What is loan to value ratio?
Mortgage lenders use a specific criteria to determine whether you are personally qualified for a mortgage, which all has to do with the ratio of your debts to your income. But the other part of their determination uses different criteria, it is all about the appraised value of the house, it's not about you at all.
If you want the mathematical equation of a loan-to-value ratio, simply divide the amount of the mortgage by the appraised value of a house and look at the percentage that results, which is the way a loan-to-value ratio is expressed, as a percentage. Normally, the value of the loan will be lower than the value of the house, meaning the percentage will be less than 100%. Lenders are more likely to approve loans with lower percentage rates because their risk factor is lower.
It's not impossible for a loan-to-value ratio to exceed 100%, but it is extremely risky. That means the outstanding loan is more than the market value of the house, making it very difficult to sell without additional funds to pay off the mortgage at the time of closing. While lenders are in business to make loans in order to make money, they are always concerned about their own interests in the transaction and avoiding risks. Our present mortgage crisis was caused by too many lenders approving loans with high loan-to-value ratios.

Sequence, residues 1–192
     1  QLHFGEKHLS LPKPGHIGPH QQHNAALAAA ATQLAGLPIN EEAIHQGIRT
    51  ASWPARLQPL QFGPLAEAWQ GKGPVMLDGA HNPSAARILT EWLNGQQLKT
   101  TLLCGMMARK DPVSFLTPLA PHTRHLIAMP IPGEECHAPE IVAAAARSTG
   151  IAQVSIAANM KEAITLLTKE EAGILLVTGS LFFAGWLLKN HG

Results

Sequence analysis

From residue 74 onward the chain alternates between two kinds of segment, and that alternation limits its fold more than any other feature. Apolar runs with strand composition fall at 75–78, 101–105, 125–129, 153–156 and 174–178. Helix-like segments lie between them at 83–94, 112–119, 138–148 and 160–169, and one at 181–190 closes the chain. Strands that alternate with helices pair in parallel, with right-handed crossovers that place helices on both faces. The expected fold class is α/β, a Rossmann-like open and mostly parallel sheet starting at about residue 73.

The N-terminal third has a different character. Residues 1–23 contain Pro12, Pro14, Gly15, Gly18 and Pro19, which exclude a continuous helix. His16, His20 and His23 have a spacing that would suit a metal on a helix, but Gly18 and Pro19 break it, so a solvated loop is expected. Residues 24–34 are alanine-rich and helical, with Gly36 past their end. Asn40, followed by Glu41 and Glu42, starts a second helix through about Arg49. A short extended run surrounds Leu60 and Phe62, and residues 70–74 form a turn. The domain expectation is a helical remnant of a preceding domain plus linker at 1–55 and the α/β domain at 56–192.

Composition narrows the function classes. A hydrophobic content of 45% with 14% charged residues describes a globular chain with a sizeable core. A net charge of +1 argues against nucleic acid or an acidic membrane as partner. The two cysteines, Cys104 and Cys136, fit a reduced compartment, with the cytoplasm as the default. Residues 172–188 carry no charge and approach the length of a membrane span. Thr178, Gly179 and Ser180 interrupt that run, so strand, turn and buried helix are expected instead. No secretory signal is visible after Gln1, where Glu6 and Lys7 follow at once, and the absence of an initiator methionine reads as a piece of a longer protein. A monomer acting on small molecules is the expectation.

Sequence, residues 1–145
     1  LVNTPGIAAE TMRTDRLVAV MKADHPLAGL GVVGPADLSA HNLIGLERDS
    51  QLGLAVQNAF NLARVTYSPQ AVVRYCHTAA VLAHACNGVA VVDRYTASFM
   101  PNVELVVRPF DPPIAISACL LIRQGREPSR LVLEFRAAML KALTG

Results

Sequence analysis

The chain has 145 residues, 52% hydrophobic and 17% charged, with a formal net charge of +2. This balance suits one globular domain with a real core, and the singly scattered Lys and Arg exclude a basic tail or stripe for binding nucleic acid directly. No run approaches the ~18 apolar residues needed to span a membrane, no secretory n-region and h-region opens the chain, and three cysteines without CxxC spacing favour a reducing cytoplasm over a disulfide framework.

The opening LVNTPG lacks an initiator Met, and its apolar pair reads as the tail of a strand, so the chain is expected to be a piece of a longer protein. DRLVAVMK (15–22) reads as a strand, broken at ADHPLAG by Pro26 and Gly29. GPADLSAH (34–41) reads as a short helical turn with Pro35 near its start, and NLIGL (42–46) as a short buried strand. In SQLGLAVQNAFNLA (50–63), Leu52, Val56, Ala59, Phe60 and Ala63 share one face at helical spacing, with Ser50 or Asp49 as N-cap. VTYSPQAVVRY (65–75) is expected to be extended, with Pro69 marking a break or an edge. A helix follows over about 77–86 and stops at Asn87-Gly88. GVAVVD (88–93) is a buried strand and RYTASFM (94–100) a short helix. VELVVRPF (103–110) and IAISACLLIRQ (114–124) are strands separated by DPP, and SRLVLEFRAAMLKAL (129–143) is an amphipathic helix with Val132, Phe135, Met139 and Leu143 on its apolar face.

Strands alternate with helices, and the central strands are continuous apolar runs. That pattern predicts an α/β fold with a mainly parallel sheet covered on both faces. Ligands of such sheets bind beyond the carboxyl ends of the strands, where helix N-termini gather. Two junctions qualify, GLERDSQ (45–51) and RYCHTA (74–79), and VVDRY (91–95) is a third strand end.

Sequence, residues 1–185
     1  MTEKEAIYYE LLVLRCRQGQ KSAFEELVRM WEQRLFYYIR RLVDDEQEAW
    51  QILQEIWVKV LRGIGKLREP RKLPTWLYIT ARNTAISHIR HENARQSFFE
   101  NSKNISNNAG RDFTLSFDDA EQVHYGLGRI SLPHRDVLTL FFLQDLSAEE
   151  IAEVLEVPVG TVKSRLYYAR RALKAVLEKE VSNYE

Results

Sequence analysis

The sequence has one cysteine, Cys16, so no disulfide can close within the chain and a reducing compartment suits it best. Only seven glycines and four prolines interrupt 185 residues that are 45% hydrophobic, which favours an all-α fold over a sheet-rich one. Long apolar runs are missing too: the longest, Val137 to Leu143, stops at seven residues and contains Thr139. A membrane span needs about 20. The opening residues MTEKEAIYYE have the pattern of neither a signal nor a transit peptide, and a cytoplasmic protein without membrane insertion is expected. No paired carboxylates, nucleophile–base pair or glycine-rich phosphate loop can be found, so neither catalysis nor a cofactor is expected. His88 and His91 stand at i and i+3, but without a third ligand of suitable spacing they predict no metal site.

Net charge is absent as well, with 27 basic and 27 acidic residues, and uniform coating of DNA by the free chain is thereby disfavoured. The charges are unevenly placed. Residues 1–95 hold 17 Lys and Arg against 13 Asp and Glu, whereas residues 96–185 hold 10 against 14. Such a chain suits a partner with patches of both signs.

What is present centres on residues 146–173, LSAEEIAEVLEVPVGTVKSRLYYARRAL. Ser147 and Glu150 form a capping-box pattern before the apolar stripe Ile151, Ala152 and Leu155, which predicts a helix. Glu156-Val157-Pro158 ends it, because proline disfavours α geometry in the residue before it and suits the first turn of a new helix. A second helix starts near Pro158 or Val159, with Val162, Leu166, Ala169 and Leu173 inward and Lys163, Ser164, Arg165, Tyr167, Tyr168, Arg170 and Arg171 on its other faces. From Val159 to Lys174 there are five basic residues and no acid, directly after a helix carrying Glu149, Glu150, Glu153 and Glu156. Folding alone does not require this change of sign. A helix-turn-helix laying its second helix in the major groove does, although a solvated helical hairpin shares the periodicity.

The interest rate a borrower will be required to pay over the life of the loan is affected by the loan-to-value ratio. It is determined by the lender's assessment of risk and possible loss in the case of foreclosure. And, the borrower may be required to pay for private mortgage insurance which only benefits the lender if the borrower stops making payments.
It's important to know that any loan-to-value ratio in excess of 80% means the loan must be kept as a "portfolio loan" by the lender because it's not saleable on the secondary loan market, and selling loans to larger financial institutions is how lenders usually make their profits within a short period of time.
I hope this information on "What Is The Loan-To-Value Ratio" helps everyone.
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